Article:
The Miller Act, 40 U.S.C. § 270a(a) (2), requires a general contractor on a federal project to post a bond to protect those who supply labor or materials for the project. The act allows a subcontractor's materials supplier to bring suit on the bond for any unpaid amounts owing for labor or materials, even if no contractual relationship exists between the general contractor and the supplier. 40 U.S.C. § 270b(a). The purpose of the Act is to protect persons supplying materials and labor for federal projects, and it is to be construed liberally in their favor to effectuate this purpose. F.D. Rich Co., Inc. v. United States ex rel. Industrial Lumber Co., Inc., 417 U.S. 116, 124, 94 S. Ct. 2157, 2162, 40 L. Ed. 2d 703 (1974).
The district court entered summary judgment in Martin's favor, holding that Martin, as a materials supplier, was entitled to collect unpaid amounts under its contract with Avanti, the subcontractor, as a matter of law. In order to prevail under section 270b of the Miller Act, a material supplier need only prove four elements:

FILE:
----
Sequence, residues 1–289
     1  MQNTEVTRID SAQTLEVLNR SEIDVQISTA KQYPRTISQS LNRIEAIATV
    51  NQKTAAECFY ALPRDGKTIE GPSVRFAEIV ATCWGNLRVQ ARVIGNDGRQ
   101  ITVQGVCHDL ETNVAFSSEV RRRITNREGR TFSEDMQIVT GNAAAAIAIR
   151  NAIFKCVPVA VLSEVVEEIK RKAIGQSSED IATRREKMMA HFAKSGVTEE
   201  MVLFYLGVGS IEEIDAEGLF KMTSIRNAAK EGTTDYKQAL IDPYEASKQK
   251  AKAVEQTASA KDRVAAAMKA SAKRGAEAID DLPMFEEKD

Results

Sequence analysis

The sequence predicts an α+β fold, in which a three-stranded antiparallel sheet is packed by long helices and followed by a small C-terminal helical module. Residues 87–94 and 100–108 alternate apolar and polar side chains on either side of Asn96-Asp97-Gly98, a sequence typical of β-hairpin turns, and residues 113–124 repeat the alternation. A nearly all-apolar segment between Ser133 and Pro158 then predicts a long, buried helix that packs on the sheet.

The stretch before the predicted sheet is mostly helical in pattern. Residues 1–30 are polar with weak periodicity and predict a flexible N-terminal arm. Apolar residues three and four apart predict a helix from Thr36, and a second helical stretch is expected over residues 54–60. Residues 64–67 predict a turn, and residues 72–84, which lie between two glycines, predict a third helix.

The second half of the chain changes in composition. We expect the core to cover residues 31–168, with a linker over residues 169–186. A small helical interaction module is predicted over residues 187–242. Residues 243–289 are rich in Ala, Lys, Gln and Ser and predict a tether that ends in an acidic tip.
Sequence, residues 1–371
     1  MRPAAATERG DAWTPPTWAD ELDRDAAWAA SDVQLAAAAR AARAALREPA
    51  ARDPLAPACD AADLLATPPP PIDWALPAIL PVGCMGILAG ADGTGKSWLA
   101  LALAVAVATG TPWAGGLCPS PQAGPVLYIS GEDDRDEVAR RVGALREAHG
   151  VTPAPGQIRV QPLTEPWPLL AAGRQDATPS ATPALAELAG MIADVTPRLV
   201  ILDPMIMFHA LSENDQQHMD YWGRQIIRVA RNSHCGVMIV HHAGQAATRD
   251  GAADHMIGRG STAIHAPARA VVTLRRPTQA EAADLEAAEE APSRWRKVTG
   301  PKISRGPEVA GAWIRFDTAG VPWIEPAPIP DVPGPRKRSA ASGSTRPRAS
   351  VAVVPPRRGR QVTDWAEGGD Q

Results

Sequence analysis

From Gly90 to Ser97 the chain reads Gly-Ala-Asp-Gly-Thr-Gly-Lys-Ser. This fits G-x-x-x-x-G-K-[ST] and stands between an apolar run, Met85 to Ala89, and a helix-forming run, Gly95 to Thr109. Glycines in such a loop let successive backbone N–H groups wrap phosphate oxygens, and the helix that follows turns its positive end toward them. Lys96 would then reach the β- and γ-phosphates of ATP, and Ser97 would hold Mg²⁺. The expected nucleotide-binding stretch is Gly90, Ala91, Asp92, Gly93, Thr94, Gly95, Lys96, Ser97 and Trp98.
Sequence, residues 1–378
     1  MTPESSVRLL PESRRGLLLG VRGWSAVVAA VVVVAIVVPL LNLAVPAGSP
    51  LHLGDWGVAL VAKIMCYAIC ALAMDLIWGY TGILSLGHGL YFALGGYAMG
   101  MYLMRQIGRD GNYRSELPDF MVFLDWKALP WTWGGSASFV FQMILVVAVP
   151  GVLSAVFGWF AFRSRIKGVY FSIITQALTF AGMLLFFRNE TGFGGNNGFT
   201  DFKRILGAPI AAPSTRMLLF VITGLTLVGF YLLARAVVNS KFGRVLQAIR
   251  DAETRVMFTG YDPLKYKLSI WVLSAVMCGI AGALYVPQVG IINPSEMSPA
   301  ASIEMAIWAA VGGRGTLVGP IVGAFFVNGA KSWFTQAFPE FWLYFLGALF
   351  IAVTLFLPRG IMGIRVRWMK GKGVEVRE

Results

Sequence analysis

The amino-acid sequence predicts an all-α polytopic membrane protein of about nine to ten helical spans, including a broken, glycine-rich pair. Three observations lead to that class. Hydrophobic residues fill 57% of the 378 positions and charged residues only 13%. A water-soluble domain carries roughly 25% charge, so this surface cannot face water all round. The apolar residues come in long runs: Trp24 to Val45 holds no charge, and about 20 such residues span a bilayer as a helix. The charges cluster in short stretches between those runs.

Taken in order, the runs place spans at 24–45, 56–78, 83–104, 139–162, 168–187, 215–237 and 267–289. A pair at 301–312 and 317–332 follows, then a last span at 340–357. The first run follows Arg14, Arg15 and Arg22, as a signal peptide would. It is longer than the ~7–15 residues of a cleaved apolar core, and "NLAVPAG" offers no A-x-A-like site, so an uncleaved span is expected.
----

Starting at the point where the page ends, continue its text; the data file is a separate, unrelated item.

(1) the materials were supplied in prosecution of the work provided for in the contract;
(2) he has not been paid;
(3) he had a good faith belief that the materials were intended for the specified work; and
(4) the jurisdictional requisites were met.
United States ex rel. Carlson v. Continental Casualty Co., 414 F.2d 431, 433 (5th Cir. 1969) (affirming summary judgment for material supplier).
The record in this case shows that Martin supplied materials for use at the Navy project, and that Avanti failed to pay Martin for all the goods delivered. Additionally, Martin's good faith belief as to the use of goods is not at issue, since it is undisputed that all goods supplied were eventually used in the project. Finally, Martin undisputedly met the jurisdictional requirements of timely notice and filing under Sec. 270b(a). Under the Continental Casualty standard, Martin has made its required showing, and the district court correctly awarded summary judgment in its favor.